like a little supper.

- You're so sweet.

Thank you.

- Only don't tell
the other guests, eh?

This is for very
special visitors only.

- I'm very grateful,
Mr. Shepherd.

- Oh Steve.

- Steve, thank you.

- Bye.

You off out?

It's a bit late.

- Yeah I'm traveling with the
band down at Blue Note Club.

- The Blue Note Club?

- Yeah, see ya.

- Billie, what
yourself down there.

It's got a bit of a
reputation. That place.

- I'll be fine.
- Well, when will be home?

- I don't know, midnight,
maybe a bit later.

- How'll you get back?

- I'll walk, gimme
a break, Stevie.

- Well I don't like
to think of you

walking the streets on your own.

- So don't think about it.


(jazzy music)

- [Man] Get off.

- Don't come back, you tour rat.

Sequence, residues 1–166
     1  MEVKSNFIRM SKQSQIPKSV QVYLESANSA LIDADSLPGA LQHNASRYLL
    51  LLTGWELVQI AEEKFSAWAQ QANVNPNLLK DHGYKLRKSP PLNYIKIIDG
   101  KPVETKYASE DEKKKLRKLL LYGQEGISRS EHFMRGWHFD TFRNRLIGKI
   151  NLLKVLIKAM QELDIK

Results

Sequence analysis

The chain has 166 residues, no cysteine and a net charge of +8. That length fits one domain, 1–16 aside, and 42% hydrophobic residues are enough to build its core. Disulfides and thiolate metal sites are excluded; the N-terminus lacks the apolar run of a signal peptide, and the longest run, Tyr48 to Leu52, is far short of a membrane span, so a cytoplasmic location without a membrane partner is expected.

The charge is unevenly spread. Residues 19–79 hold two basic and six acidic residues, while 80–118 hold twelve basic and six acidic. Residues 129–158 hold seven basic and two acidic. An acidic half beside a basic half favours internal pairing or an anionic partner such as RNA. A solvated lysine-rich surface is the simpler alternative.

- [Groupie] I'm going.

- [Billie] Come on,
get off me, please.

- Billie!

- Hold on.

What are you doing here?

- I just thought I'd
come and walk you home.

- Walk me home?
(friends snickering)

- You're gonna be
warm enough like that?

- I'm fine.

You shouldn't have come.

- I'd only have sat around
at home worrying about you.

- 'Night!

- [Friends] See you later.

- 'Kay, see you, bye.

Steve, I know you mean well,

but let's get one thing
straight right away.

I may be living at your house,
but you're not, I repeat,

not my flaming dad, get it?

- I was only thinking
of you and you're

- I was just doing...I'm
a grown woman.

I can look after myself, right?

- Billie!


- You see what that was?

I think Mr. Gilbert will be
very pleased to hear about this.

What do you say Jazzer?

- Yeah.

(phone buzzes)

- [Ms. Dudley]
There's two gentlemen

to see you, Mr. Gilbert.

- I'm not in.

- Hello, Mr. Gilbert.

It's us.

- For crying out loud.

- I'm sorry, Mr. Gilbert.

- So am I.

Thank you, Ms. Dudley.

All right. All right.